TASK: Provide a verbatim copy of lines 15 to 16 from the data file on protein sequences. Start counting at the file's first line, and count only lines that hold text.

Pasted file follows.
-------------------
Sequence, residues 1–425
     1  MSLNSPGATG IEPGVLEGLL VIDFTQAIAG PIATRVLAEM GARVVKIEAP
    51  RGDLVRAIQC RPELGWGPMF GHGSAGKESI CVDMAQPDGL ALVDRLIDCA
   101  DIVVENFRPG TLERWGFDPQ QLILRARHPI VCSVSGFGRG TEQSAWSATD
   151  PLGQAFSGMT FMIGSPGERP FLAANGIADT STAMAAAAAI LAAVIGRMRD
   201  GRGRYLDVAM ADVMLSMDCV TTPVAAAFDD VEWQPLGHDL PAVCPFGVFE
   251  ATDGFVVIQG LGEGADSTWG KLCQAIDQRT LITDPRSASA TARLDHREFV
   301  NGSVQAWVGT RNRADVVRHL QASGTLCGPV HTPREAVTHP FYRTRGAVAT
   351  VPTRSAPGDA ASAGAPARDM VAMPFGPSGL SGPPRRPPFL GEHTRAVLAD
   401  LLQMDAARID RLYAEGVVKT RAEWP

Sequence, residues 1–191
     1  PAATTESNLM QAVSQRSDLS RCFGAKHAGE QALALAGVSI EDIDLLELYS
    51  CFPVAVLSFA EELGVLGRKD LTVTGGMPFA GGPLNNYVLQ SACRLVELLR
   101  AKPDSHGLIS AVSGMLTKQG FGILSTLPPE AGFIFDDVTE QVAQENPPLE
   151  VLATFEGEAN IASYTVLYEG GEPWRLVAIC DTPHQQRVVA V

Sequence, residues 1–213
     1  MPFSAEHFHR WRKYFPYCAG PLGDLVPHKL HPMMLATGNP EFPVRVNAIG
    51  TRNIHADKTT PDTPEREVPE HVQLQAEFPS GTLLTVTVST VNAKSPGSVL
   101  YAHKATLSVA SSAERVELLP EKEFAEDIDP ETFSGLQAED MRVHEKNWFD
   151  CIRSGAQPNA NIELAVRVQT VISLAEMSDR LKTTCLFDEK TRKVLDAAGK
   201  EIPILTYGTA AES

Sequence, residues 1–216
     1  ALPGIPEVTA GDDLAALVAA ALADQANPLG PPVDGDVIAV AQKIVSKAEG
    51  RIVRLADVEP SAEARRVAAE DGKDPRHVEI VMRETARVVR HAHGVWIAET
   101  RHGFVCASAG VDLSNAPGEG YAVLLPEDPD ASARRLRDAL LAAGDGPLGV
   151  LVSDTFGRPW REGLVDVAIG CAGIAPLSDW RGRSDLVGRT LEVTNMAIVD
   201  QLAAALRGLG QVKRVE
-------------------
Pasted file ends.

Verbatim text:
   151  VLATFEGEAN IASYTVLYEG GEPWRLVAIC DTPHQQRVVA V

Sequence, residues 1–213